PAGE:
Air Cargo Management

Qatar Airways Cargo makes long-term investment

Qatar Airways fleet of aircraft

Qatar Airways Cargo is making long-term investment in the wake of growing tonnage and revenue.

It’s been a busy period at Qatar Airways Cargo over the past year. Cargo revenue rose by close to 16 per cent with 1,452,000 tonnes of cargo being handled in the 2018-2019 financial year alone. Guillaume Halleux tells Airline Cargo Management that the performance in financial year 2018-19 has been remarkable.

“We added eleven new belly-hold destinations to our global route map in 2018-19, extending our presence in Europe, whilst also launching new destinations in Africa, Asia and the Middle East in addition to increasing frequencies on several key routes,” states Halleux.

Some of the new routes launched this year with belly-hold cargo capacity include Lisbon, Davao, Izmir Rabat, Malta and Langkawi.

On the freighter front, Halleux says the launch of transpacific freighter services from Macau to North America in October 2018 has allowed customers in China to move their cargo directly to the USA and Mexico over the Pacific, significantly reducing air transport time. “We also commenced freighter services to Guadalajara and Almaty in the last financial year and received five new freighters.”

Guadalajara is served by a Boeing 777F twice weekly since January. The city has the third-largest economy and industrial infrastructure in Mexico. Major exports on the route consist of perishables and general cargo, while general cargo form most imports.

Almaty was also added to the cargo network in early 2019 served by 777Fs. Almaty is a key financial centre and the largest metropolis in Kazakhstan.

Major imports into Almaty include general cargo, fashion and high-tech products. In July, the carrier announced Singapore as a new freighter destination on its transpacific freighter route also operated by the 777s.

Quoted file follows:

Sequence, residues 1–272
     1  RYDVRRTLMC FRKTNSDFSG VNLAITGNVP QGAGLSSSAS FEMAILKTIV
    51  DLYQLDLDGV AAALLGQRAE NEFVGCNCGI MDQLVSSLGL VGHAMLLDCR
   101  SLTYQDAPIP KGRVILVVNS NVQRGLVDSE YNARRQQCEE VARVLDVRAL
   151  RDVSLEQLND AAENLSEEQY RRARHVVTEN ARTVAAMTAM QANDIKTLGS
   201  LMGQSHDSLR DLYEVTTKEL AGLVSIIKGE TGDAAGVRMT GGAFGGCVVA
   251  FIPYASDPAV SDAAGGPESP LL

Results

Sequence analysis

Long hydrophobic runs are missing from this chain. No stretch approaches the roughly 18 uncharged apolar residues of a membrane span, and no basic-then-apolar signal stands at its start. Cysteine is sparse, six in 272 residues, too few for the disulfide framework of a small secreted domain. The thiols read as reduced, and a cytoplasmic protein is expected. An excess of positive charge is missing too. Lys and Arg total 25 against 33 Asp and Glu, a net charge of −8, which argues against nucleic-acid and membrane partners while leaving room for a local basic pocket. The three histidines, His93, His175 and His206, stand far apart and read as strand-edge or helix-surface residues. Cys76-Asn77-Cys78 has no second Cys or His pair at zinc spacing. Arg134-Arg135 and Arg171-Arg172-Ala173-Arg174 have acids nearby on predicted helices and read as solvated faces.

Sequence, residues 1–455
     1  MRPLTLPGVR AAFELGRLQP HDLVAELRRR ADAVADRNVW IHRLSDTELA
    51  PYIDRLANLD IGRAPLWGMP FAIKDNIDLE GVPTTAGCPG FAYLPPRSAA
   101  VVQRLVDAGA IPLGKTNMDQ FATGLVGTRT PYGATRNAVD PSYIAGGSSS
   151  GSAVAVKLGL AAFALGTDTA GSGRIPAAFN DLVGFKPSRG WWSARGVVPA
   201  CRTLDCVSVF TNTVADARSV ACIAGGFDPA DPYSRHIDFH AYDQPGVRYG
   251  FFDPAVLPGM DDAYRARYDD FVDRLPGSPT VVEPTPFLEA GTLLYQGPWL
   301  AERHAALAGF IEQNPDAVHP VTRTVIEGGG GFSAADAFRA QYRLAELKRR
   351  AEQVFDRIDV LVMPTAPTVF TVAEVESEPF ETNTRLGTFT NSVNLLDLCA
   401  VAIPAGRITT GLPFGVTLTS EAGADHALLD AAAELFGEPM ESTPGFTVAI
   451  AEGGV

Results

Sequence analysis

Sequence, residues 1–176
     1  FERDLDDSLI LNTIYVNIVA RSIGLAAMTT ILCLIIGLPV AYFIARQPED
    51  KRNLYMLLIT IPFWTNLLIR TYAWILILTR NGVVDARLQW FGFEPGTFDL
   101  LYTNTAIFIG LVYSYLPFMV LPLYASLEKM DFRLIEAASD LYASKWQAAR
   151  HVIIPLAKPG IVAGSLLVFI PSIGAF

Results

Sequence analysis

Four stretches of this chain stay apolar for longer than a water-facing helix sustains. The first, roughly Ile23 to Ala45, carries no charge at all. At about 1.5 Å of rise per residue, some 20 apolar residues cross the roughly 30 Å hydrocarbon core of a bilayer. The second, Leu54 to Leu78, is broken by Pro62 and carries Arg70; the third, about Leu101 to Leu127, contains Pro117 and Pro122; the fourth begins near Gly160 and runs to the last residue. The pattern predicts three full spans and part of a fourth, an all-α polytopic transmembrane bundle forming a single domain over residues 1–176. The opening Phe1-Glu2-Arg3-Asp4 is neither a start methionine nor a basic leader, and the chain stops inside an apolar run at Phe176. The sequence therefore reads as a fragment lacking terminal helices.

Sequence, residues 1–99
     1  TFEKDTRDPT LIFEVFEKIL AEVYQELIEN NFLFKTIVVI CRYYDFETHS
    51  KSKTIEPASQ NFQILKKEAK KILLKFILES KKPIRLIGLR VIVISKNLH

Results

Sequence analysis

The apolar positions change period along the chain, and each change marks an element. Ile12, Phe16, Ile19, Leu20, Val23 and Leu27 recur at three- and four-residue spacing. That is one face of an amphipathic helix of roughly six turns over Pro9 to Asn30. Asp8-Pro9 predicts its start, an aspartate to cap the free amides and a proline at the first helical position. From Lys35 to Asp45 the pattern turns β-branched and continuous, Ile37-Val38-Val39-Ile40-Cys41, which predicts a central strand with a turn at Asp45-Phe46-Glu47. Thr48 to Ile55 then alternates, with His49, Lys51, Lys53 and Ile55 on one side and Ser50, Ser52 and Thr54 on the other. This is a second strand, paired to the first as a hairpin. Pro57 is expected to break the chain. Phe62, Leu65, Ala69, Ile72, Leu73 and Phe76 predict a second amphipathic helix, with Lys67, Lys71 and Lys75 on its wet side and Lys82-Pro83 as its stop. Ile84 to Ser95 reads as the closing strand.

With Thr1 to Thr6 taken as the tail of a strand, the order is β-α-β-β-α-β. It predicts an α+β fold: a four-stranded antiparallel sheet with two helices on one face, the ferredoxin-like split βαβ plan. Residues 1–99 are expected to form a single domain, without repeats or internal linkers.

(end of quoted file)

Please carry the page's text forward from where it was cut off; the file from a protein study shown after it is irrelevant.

With the founding of a new vision, mission and a five-year Goal22 strategy, Halleux feels Qatar Airways Cargo is on the path to growth and success in the coming years. “Our strategy is focused on customer centricity and our dedicated work force have been instrumental in our rise to becoming the leading global air cargo carrier,” he says.

Qatar Airways Cargo
Cargo revenue rose by close to 16 per cent in the last year

777F – Freighter fantastic 

The 777F plays a key role in the carrier’s full freighter operation. From the order for five signed at the Farnborough Air Show in 2018, the carrier has received three brand new 777Fs so far. By the end of 2019, the remaining two will be delivered bringing the total fleet to 28 by the end of December 2019.

In July, Qatar Airways and Boeing finalised an additional order for five more 777Fs during a signing ceremony at the White House. The order is valued at around $1.8 billion and was previously announced at the Paris Air Show in June.

For Qatar Airways Cargo, the 777Fs economics makes it an attractive addition to the airline’s fleet and will operate on long-haul routes to the Americas, Europe, the Far East, Asia and some destinations in Africa. Halleux reports that deliveries for the order of five additional Boeing 777 freighters that was signed at the White House earlier this year will start from April 2020 onwards.

Slowing global demand 

IATA have stated that generally, cargo volumes stopped growing more than a year ago. On top of the weak start to 2019, most forecasts for GDP growth and world trade have been downgraded, particularly for 2019.

The business environment for airlines has deteriorated with rising fuel prices and a substantial weakening of world trade, according to IATA. After an exceptional performance in 2017 (+9.7 per cent growth), cargo demand growth slowed to 3.4 per cent in 2018.

It is anticipated to be flat in 2019 with cargo volumes of 63.1 million tonnes (63.3 million tonnes in 2018) because of the impact of higher tariffs on trade. Cargo yields are expected to be flat in 2019 after a 12.3 per cent improvement in 2018, as cargo load factors fall further, and supply-demand conditions weaken – IATA data reveals.